New Law Prohibits Barriers To Charter School Enrollment

Lozano Smith Client News Brief
November 2019
Number 69

A new law is intended to discourage the improper recruitment and disenrollment of charter school students, particularly students who belong to certain protected classes. Recently signed by Governor Newsom, Senate Bill (SB) 75 adds a provision to California's Charter Schools Act to prohibit charter schools from discouraging a student from enrolling or continuing to enroll in the charter school.

The law lists explicitly unlawful bases for "counseling out" students and their families, including nationality, race, ethnicity, sexual orientation, or if a student exhibits characteristics of: a disability; an academically low-achieving student; an English learner; a neglected or delinquent student; a homeless student; a student who is economically disadvantaged; or a foster youth. In furtherance of the law's purpose, charter schools are also prohibited from requesting a student's records, or requiring a parent, guardian, or student to submit the student's records to the charter school, prior to enrollment. Historically, charter schools have always been required to accept all students that are California residents, regardless of academic achievement, disability, economic status, etc. Here, the California Legislature recognizes problems that have arisen, where certain groups of students were being discouraged from enrolling, or encouraged to disenroll, in some charter schools.

Under the law, the California Department of Education (CDE) is directed to develop a notice and complaint form stating the new legal requirements, and charter schools are required to post the notice on their respective websites. Charter schools also now have an affirmative duty to provide a copy of the CDE notice to parents, guardians, and students over age eighteen when the parent, guardian, or student over age eighteen inquires about enrollment; before conducting an enrollment lottery; and before the disenrollment of any student. In order to ensure enforcement, any member of the public has a right to file a complaint with the charter school's authorizer, often the local school district, if the person suspects a charter school has violated the provisions of this law. CDE's notice and complaint form can be found at

Although the law creates a process for aggrieved families to complain to charter authorizers, it is silent regarding exactly what action a charter authorizer must take when it receives a complaint. The recently revised statutes regarding charter school renewals, which go into effect in July 2020, shed some light onto the complaint review process (See 2019 Client News Brief No. 49). The law now indicates that, when determining whether to renew a school's charter, an authorizer must consider, along with other criteria, any substantiated complaints that the charter school has not complied with the new enrollment requirements described above. The determination of whether a complaint is "substantiated" is left to the charter authorizer, and thus the law infers that charter authorizers must develop their own complaint investigation processes. Still, some questions remain unanswered. For example, if the authorizer investigates the complaint and discovers a potential legal violation, what action is the charter authorizer supposed to take, aside from considering whether to revoke the charter? The new law does not appear to create an enforcement mechanism, aside from considering compliance during the charter renewal process.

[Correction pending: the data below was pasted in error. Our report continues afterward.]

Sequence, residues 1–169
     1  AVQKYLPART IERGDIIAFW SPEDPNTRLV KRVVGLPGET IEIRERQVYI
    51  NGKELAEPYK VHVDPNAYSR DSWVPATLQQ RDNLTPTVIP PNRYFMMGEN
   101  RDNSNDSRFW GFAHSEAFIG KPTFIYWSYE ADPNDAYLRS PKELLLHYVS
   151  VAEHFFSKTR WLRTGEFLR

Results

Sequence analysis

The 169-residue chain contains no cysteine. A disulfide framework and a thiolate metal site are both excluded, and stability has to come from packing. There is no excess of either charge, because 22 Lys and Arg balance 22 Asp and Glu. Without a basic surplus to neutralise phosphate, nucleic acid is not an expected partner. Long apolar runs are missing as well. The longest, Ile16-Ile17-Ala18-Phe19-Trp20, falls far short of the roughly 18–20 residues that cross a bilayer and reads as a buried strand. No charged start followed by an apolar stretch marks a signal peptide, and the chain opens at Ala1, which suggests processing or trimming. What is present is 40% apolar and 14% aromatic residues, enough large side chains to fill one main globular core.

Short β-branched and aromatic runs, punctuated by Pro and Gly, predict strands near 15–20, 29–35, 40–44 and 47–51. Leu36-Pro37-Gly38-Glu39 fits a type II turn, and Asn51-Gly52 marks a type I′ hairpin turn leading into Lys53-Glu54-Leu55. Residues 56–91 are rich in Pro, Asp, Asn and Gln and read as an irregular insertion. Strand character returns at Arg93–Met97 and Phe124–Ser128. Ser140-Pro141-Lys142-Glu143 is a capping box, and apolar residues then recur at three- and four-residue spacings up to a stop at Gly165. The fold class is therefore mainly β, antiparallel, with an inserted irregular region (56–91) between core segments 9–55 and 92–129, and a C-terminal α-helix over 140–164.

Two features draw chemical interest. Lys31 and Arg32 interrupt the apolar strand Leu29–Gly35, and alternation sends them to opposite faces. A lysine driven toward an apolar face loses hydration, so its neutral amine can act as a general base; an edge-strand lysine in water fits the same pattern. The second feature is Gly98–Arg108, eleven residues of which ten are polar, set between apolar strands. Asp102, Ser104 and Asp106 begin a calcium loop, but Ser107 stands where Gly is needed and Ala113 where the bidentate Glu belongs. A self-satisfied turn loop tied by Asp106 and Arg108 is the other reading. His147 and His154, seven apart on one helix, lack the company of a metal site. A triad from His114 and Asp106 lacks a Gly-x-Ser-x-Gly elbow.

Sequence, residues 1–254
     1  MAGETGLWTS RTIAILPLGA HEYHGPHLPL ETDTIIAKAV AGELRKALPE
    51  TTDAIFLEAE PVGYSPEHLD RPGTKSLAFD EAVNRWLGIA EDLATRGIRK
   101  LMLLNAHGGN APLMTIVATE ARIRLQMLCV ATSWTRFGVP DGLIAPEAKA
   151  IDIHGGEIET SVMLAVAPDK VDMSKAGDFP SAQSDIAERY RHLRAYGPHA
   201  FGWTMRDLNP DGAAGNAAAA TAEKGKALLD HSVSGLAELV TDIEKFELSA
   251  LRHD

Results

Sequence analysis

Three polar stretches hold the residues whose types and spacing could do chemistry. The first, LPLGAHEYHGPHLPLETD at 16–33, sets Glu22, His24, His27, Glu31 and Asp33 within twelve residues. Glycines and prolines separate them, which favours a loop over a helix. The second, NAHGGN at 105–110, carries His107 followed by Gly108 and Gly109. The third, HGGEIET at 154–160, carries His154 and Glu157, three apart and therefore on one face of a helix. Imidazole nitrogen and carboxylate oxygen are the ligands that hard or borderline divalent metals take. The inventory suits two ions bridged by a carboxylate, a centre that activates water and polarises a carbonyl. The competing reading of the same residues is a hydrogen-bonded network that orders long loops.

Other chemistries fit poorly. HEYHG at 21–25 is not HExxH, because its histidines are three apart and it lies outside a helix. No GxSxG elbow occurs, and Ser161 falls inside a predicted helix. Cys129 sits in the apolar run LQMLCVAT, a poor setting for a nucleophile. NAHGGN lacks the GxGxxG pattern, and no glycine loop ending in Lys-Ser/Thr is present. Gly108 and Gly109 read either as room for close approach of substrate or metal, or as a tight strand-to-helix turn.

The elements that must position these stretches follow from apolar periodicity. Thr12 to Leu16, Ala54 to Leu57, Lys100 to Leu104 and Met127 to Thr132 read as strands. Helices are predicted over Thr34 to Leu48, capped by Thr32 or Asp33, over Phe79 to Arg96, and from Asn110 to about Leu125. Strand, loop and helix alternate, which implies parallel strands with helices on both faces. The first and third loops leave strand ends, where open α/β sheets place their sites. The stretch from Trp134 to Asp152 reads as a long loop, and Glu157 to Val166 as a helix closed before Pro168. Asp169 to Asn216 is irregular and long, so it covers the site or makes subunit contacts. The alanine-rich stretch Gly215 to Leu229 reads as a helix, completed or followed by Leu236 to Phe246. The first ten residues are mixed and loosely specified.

Charter schools and charter authorizers should be careful to ensure that charter schools are not discouraging any student from attaining or maintaining charter school enrollment. Charter schools must be extra careful when dealing with students who are members of the groups specifically protected under the law. Since the law took immediate effect in July, charter schools should post the CDE notice and complaint form on their websites and implement clear policies for staff regarding the distribution of the CDE notice, in short order. Note that charter schools are still permitted to suspend or expel students for disciplinary reasons, so long as such discipline conforms to federal and state statutory and constitutional due process requirements, and is otherwise consistent with the law, and the processes laid out in the charter.

If you have any questions about SB 75, the amendments to the Education Code regarding charter schools, or charter school student enrollment in general, please contact the authors of this Client News Brief or an attorney at one of our eight offices located statewide. You can also subscribe to our podcast, follow us onFacebook, Twitter and LinkedIn or download our mobile app.
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As the information contained herein is necessarily general, its application to a particular set of facts and circumstances may vary. For this reason, this News Brief does not constitute legal advice. We recommend that you consult with your counsel prior to acting on the information contained herein.